Onward with Tuesday…

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“The god Týr or Tiw, identified with Mars, after whom Tuesday is named.”

houseboat

Life aboard an old, creaky 1919 bungalow often feels like living on a boat to me.
Many years ago we were actually this close to buying an old wooden boat to live on and sail, called the “Anteak.”
I’m still not sure which antique would have been more labor intensive to maintain, the old wooden boat or this old wooden house.


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I’m never more under the illusion of living on a boat than on a rainy day like today.
The view through the “bath house” windows (a small, glassed-in porch built off the master bedroom) feels especially like being on the bridge or “wheelhouse” of a boat, notwithstanding the impressionistic blur of the garden outside.

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Some of the similarities: I’ve felt this house roll and sway gently on the waves that earthquakes bring. Termites would be the equivalent of dry rot chewing away at the ribs of a vessel. And with quarters similarly confined in a 1,100-square foot house, there has to be optimal cooperation among its crew. Also like boats, our house has built-ins for efficiency of storage. In a lot of the old bungalows, these built-ins were removed some time mid-20th century when television arrived, and placing the t.v. set became the supreme design consideration for living areas. The built-ins became cumbersome obstacles to prime viewing placement. Our house still has most of the old built-ins, though admittedly scuffed around the edges. We figure at least two prior owners stood firm and resisted tearing out the hand-made cabinetry — or maybe they just didn’t care enough either way. Maybe they enjoyed a certain amount of stasis in life. Who can say?

Living room built-in bookcase and bathroom built-ins (and bulk head lights, another nautical similarity)

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Maybe this house is training me for a life aquatic in the confined quarters of a real houseboat some day. Imagine a rainy day on a real houseboat…with a choice collection of potted plants on the foredeck, of course.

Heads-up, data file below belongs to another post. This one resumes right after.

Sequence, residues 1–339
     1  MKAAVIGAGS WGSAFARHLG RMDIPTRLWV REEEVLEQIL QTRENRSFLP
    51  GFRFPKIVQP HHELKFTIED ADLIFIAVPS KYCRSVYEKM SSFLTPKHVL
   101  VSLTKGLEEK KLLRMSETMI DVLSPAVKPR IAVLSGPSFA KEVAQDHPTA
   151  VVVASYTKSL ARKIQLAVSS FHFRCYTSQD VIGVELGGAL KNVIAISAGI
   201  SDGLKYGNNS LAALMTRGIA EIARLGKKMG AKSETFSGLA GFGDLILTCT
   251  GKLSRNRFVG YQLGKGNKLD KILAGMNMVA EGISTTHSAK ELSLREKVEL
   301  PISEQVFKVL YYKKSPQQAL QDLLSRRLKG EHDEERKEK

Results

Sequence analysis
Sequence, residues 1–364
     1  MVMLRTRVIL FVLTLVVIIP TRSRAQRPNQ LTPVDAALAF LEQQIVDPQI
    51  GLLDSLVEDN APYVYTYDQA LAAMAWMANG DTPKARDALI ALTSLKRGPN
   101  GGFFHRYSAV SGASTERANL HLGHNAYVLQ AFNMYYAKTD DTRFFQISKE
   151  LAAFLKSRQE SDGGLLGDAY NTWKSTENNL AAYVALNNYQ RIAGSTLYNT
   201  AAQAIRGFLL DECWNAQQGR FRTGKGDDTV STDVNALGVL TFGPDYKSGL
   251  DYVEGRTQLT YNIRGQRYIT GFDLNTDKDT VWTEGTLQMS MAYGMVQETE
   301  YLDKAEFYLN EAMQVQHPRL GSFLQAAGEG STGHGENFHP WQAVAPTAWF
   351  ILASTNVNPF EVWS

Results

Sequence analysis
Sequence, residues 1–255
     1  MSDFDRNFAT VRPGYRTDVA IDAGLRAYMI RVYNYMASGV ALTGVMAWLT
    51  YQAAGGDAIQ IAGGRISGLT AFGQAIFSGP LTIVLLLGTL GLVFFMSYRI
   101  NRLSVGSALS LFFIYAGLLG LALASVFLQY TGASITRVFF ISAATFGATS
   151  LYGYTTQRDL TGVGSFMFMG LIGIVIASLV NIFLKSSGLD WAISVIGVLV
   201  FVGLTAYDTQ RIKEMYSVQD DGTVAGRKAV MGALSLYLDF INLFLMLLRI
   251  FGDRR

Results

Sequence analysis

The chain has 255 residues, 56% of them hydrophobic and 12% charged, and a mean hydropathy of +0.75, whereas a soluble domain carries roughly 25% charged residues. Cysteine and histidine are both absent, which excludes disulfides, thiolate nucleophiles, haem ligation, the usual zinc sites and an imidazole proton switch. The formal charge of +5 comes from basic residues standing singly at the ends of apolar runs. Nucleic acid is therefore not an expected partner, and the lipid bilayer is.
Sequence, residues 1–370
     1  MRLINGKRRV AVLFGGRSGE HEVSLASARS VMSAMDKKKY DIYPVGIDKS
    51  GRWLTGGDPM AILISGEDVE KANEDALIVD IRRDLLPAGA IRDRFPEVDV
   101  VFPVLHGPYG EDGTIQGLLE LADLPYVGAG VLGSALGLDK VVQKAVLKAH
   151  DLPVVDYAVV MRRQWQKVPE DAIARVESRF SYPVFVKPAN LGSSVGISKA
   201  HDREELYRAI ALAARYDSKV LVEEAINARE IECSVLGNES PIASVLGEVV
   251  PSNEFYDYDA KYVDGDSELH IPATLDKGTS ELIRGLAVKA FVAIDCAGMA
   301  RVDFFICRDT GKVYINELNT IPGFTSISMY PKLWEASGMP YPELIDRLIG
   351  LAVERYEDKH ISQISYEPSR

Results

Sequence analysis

Image found here.
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an afternoon at the museum

Modern design was born from the marriage of art and industry.” – “The Architect and the Painter,” Jason Cohn and Bill Jersey

I was worried the exhibit would be over by the time I finally scooted over to Los Angeles County Museum of Art’s “Living in a Modern Way,” open until June 3, 2012, part of Pacific Standard Time, an ongoing celebration of the works of Los Angeles artists between roughly 1945 and 1980, when the utopian notion of better living through design was taken very seriously.

I could look at chairs all day. This aluminum chair by R. M. Schindler, made for Sardi’s Restaurant, Hollywood, 1932-33, could easily inspire an adaptation for weatherproof garden seating.


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Pottery from Pacific Clay Products and Catalina Pottery

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Planted cocktail table by Milo Baughman, 1950.

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Clothes, textiles.

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Image of textile by Paul Laszlo from Dwell, which also includes photos of LACMA’s re-creation of Charles and Ray Eames’ Case Study House #8 living room.
Photos were not allowed of this portion of the exhibit.

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The Eames’ DCW (Dining Chair Wood).